Lucia Get’s A Green Card

Our teenage client from El Salvador recently obtained her green card! Lucia* fled El Salvador in 2013 when she was 13. Lucia’s father was violent and neglectful, physically abusing her when she was as young as 5. She would often have to intervene to stop him from attacking her mother. Later he abandoned the family, providing Lucia with no financial or emotional support.

Lucia arrived in the United States along with a “surge” of other children from Central America, and her case is emblematic of the problems that were caused when Immigration Judges tried to rush these cases through the courts. Lucia appeared at her first hearing without a lawyer, and was given a three month continuance to find an attorney. Lucia struggled to find a lawyer and did not come to Human Rights Initiative until the afternoon before her second hearing.  At that hearing, the Immigration Judge tried to bully our lawyer into accepting something called Voluntary Departure for Lucia, which would have sent her back to a dangerous situation in El Salvador. The judge refused to listen when HRI’s attorney argued that Lucia was eligible for something called Special Immigrant Juvenile Status (SIJS) and just needed a continuance of a few weeks to file the appropriate paperwork.  Instead, the judge ordered Lucia deported that day, saying she should have filed the papers before coming to court, even though he had not instructed her that she needed to do that prior to the second hearing (and despite the fact that she did not have a lawyer and was 15 years old at the time).  He only told her that she needed to find a lawyer, which she did.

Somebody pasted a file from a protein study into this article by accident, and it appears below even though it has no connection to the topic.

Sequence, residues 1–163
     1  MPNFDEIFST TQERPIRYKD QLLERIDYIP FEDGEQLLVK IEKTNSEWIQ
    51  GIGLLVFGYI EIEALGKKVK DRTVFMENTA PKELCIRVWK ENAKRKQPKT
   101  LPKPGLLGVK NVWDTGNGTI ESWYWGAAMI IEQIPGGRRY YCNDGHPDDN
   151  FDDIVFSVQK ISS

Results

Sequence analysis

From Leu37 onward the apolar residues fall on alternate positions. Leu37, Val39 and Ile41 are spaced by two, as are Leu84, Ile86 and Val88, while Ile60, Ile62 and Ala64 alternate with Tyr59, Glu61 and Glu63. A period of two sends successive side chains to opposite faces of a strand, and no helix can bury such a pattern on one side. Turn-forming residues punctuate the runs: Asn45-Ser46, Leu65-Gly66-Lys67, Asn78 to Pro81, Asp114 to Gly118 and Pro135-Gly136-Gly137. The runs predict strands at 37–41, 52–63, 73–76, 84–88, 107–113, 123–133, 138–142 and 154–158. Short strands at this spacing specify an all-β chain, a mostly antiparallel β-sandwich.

HRI appealed the Immigration Judge’s deportation order to the Board of Immigration Appeals (BIA). We argued that the Immigration Judge did not follow the proper legal standard for issuing a continuance, and should have granted Lucia that continuance because she had relief available. At the same time we applied for SIJS for Lucia, which she qualified for because she had been abused and abandoned by her father. The BIA agreed and terminated removal proceedings against Lucia, dismissing her case and overturning the removal order against her. The government later granted Lucia SIJS which made her eligible to apply for a green card. This month the green card was granted!

-Chris Mansour

* Our client’s name has been changed.